Do vitamins and other supplments live up to their promise?
''Article from the Harvard Medical School Newsletter''
Dietary supplements are wildly popular. Over one millions Americans take at least one supplement. The attraction is understandable. Many people want to optimize their health and well-being. The supplement industry has a strong financial interest in meeting this need and promoting their products. But manufacturers do not need to prove the purity, strength, safety, or effectiveness of supplements. And the law does not require proof that claims on the label are true.
A recent issue of the Harvard Men’s Health Watch gives readers an overview of the evidence (for or against) several popular supplements, including vitamin D, selenium, St. John’s wort, and multivitamins. Harvey Simon, M.D., editor of the Harvard Men’s Health Watch cautions readers, “Consumers should always keep an eye out for new study reports. Recommendations will change as scientific studies trickle in. Unfortunately, in most cases, the studies have failed to confirm our hopes, though there are exceptions.”
Despite their popularity, there is no evidence that multivitamins enhance health or prevent illness. In fact, both the U.S. Preventive Services Task Force and a National Institutes of Health State-of-the-Science Conference concluded that multivitamins do not offer protection against heart disease or cancer. In contrast, research suggests that fish oil supplements may be beneficial for people with heart disease.
Dr. Simon recommends a thoughtful and careful approach. “It is often hard to balance sober scientific reports with the simple, hopeful promises of well-marketed vitamins and supplements.” The Harvard Men’s Heath Watch offers some tips for doing just that.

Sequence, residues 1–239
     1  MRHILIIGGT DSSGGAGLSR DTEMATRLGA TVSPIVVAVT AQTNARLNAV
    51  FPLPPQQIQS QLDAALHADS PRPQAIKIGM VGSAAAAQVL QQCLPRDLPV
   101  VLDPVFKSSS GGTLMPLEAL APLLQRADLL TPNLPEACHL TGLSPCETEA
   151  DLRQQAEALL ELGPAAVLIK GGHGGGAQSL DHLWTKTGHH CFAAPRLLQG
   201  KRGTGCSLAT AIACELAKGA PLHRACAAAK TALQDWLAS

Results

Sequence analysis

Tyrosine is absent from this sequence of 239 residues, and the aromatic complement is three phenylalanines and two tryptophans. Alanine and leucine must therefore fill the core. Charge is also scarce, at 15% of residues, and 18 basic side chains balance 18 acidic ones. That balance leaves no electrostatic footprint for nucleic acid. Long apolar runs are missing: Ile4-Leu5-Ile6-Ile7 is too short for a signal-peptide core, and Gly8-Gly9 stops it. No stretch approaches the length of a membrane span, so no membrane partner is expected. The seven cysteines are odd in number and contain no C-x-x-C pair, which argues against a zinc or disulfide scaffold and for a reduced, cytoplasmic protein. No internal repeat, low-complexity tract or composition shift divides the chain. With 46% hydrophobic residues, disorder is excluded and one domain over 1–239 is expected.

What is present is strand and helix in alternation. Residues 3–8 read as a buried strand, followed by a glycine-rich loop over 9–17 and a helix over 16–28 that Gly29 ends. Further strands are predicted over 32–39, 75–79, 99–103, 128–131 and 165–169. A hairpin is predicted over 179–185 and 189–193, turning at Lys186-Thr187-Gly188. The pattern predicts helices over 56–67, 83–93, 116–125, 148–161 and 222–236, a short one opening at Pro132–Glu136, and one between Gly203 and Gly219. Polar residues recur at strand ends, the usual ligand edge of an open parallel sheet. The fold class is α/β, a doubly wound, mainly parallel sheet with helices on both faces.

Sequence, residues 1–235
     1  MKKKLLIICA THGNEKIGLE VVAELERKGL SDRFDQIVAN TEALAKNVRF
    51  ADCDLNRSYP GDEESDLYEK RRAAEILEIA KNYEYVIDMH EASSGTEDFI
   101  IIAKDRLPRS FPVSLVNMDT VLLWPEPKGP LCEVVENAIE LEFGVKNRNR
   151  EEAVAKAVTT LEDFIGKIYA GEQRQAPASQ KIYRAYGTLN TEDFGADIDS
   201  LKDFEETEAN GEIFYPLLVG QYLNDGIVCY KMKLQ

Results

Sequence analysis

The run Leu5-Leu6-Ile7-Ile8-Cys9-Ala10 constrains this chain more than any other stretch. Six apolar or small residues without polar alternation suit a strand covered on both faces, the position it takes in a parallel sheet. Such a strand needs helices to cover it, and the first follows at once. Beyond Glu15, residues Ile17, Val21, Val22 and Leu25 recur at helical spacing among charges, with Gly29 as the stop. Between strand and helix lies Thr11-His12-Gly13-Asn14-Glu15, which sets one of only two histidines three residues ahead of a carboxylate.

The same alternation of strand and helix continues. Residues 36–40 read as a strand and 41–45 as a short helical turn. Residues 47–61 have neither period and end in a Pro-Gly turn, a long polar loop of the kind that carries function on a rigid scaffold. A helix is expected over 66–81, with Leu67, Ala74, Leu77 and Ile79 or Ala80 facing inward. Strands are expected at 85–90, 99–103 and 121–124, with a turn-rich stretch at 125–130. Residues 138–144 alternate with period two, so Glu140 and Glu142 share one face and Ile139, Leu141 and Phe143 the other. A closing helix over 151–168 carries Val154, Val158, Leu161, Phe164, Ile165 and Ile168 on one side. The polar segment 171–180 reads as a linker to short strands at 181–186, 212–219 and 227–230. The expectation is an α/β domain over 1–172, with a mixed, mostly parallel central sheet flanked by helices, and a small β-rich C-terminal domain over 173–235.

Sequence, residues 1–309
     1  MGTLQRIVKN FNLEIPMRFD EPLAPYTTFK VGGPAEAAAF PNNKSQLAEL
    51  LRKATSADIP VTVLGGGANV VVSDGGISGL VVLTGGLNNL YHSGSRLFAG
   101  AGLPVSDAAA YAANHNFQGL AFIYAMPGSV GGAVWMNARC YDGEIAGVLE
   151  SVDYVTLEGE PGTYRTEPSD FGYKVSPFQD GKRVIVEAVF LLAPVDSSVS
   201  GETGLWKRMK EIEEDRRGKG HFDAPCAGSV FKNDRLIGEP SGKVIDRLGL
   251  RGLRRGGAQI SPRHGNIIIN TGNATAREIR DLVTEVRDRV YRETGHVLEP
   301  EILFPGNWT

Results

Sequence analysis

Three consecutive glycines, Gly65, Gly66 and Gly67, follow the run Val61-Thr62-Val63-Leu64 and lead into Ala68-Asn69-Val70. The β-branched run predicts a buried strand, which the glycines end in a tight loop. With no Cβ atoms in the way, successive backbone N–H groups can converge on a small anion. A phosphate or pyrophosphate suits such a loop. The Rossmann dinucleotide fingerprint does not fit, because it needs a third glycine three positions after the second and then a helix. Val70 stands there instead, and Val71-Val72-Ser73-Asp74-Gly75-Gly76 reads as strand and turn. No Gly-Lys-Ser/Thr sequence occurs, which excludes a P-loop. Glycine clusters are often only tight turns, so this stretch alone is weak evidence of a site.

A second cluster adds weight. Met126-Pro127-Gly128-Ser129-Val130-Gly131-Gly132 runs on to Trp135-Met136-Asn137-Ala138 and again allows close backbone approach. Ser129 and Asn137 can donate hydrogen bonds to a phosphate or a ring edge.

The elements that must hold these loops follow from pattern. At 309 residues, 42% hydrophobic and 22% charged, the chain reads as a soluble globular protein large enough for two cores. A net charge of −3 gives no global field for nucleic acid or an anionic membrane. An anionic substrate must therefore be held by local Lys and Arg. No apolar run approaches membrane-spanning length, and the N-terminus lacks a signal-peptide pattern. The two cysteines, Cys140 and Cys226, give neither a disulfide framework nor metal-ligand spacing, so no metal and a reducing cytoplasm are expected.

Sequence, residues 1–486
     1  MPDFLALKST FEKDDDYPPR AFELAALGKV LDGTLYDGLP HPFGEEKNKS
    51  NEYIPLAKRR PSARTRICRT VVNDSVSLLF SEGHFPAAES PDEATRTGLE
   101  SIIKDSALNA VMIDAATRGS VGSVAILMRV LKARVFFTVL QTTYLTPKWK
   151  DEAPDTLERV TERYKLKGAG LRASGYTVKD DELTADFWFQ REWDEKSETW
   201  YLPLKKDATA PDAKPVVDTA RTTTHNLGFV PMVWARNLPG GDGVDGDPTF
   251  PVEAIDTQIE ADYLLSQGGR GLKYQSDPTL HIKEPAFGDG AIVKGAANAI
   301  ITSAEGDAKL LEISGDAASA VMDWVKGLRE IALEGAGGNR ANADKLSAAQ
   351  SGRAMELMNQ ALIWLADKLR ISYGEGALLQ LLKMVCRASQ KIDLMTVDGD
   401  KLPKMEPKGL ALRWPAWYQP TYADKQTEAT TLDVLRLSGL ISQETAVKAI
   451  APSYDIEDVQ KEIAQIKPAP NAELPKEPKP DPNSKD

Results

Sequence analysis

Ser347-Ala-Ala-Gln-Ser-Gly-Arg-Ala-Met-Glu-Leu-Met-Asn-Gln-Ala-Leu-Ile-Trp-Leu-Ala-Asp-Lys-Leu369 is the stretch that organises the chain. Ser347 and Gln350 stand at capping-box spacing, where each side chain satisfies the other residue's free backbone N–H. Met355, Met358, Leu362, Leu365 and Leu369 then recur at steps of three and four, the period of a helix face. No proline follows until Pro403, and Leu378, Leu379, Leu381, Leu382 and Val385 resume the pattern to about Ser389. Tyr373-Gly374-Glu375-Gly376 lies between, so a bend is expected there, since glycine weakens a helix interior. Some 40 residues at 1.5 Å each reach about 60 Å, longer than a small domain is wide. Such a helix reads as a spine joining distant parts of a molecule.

• Watch for extravagant claims. If it sounds too good to be true, it usually isn’t true.
• Take testimonials and endorsements with a grain of salt, especially those from celebrities. Even the most sincere, well-intended recommendations offered by friends and relatives without financial incentives can’t establish a product’s safety or efficacy.
• It isn’t true that “if a little is good, more is better.” In fact we have learned that even the most harmless sounding supplement can have unintended negative effects.
• Beware of meaningless terms. The list includes “all-natural,” “antioxidant-rich,” “clinically proven,” “anti-aging,” and other vague but seductive claims that a product can work wonders.
Even if you take supplements, be sure to eat well, exercise regularly, and work with your doctor to keep your cholesterol, blood pressure, and blood sugar in good control, advises the Men’s Health Watch. Tell your clinicians about any and all supplements you take; full disclosure is important, particularly since supplements can have adverse interactions with medications.